POSTMAN PAT: THE MOVIE. Voiced by Stephen Mangan, Susan Duerden, Jim Broadbent, Ronan Keating and others. Directed by Mike Disa. Rated G (General, no consumer advice). 87 min.
This British computer-generated, animated movie is based loosely on the long-running BBC children's program, "Postman Pat". The original show was designed as a preschool program for UK television, and has been screened in Australia by the ABC.
Pat Clifton (voiced by Stephen Mangan) delivers the post in the village of Greendale in Northern England, and has done so for a long time. He is "everyone's favourite postman". People in the town appreciate what he does and look up to him. He is caring, and he is a model husband and father.
Pat wants to give his wife, Sara (Susan Duerden), a holiday to Italy and he enters a national talent contest titled "You're the One" to try to win its main prize. Pat sings so well he makes the Final and is chosen to go to London to take part in the contest. Pat becomes caught up in the marketing campaign mounted to promote him and, for a time, he puts fame ahead of family and friends. While Pat is being kept busy, his boss, Edward Carbunkle (Jim Broadbent), starts to populate Greendale with robots that look just like Pat. He thinks they can do Pat's job well and they don't ask for bonuses as Pat did. In Greendale, the robots begin delivering the mail and people start to complain. The robots behave scarily; they deliver the post in ways Pat never did; and they are rude to people in the village. Soon it is obvious that many Pats are being produced, and one even ends up singing in the Final of the talent quest, pretending to be the real Pat. The robots are all part of Carbunkle's evil plot to replace Pat with an army of replicas, destined ultimately "to take over the world".
The fact that Pat is replaced in the competition by a robot is at first not known to the audience of the talent quest. At the last moment, with many complicated plot twists in between, the real Pat unmasks Carbunkle as the villain, and Carbunkle gets his just desserts. Pat then gives a performance on stage in the Final that wins the contest and he is awarded a trip for two to Italy. The Irish singing voice of Pat is that of Ronan Keating.
With robots running around on stage and off, and given all the terrible things they do, the movie shifts moral gear to become a sci-fi adventure story. The scariness of it all is surprisingly not picked out for comment in the film's family-oriented (G) censorship classification. There is humour in the movie, but the plot dilutes it. The movie starts off by emphasising how good Pat is, and how much people like him, but then substitutes his virtuous resolve with things that go bad. The goings-on of an army of sinister robots distract from Pat's goodness, though goodness triumphs in the end.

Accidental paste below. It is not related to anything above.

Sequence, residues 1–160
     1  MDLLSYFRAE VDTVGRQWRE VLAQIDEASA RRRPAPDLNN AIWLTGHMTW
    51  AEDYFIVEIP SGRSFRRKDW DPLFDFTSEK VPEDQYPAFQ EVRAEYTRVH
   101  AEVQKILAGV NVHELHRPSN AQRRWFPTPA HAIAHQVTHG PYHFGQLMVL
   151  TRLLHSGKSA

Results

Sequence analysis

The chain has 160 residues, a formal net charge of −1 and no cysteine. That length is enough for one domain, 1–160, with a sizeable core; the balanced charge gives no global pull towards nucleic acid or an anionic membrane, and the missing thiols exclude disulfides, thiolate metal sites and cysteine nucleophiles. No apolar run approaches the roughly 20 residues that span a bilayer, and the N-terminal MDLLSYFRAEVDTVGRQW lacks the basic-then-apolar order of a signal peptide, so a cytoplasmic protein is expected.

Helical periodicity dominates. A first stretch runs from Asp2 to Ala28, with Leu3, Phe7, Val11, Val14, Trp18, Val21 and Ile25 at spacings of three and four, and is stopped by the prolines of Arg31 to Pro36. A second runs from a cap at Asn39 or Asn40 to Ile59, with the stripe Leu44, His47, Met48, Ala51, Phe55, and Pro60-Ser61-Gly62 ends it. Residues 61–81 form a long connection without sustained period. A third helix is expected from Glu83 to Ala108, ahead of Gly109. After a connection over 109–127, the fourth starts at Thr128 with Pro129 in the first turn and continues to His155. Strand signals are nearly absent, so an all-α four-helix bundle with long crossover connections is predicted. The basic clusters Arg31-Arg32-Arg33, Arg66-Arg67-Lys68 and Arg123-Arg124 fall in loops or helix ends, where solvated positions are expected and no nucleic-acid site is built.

The animation in the movie is bright and colourful, and the singing helps to maintain a lively tone. The film entertains rather than educates. If you look for them, the film contains sound messages. It reinforces the importance of maintaining friendship and the need to treat people courteously; it promotes community bonding; and it ultimately values the worth of personal relationships over fame and fortune. The complexity of the plot, however, weakens the moral impact of its messages. At one level, the film seems to be asking children if they can notice changes in Pat as robot facsimiles of him start behaving poorly, and when that happens the viewer's feelings about Pat being a good person run the risk of evaporating. At another level, the movie trades the stability of a trustworthy Pat for unpredictable reactions to sci-fi adventuring. Young children will be confused by the mix.
In the final run, this is a film that sacrifices the charm and simplicity of Postman Pat for the excitement of an adventure tale designed to appeal to a more mature audience. The movie has a plot that is suited for older, rather than younger, children in a family, and seems caught between its two target audiences.
This film offers the viewer a different "Postman Pat" from what one expects. It packages Postman Pat in an original way, but suggests character changes in its hero that some may find confusing.
Peter W. Sheehan is associate of the Australian Catholic Office for Film and Broadcasting
Released August 14th., 2014